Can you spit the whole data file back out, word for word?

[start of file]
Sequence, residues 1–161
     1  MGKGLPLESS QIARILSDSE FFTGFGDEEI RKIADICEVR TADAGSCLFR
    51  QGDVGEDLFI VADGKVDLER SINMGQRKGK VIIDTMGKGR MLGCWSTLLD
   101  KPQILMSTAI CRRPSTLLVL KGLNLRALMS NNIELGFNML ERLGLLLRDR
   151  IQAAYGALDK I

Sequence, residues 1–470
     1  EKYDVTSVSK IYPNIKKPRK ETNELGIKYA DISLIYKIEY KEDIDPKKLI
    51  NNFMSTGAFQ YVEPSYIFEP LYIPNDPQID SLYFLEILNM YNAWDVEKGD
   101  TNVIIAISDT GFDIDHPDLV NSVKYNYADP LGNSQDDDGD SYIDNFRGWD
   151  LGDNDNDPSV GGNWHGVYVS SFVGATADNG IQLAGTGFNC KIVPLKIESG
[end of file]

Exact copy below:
Sequence, residues 1–161
     1  MGKGLPLESS QIARILSDSE FFTGFGDEEI RKIADICEVR TADAGSCLFR
    51  QGDVGEDLFI VADGKVDLER SINMGQRKGK VIIDTMGKGR MLGCWSTLLD
   101  KPQILMSTAI CRRPSTLLVL KGLNLRALMS NNIELGFNML ERLGLLLRDR
   151  IQAAYGALDK I

Sequence, residues 1–470
     1  EKYDVTSVSK IYPNIKKPRK ETNELGIKYA DISLIYKIEY KEDIDPKKLI
    51  NNFMSTGAFQ YVEPSYIFEP LYIPNDPQID SLYFLEILNM YNAWDVEKGD
   101  TNVIIAISDT GFDIDHPDLV NSVKYNYADP LGNSQDDDGD SYIDNFRGWD
   151  LGDNDNDPSV GGNWHGVYVS SFVGATADNG IQLAGTGFNC KIVPLKIESG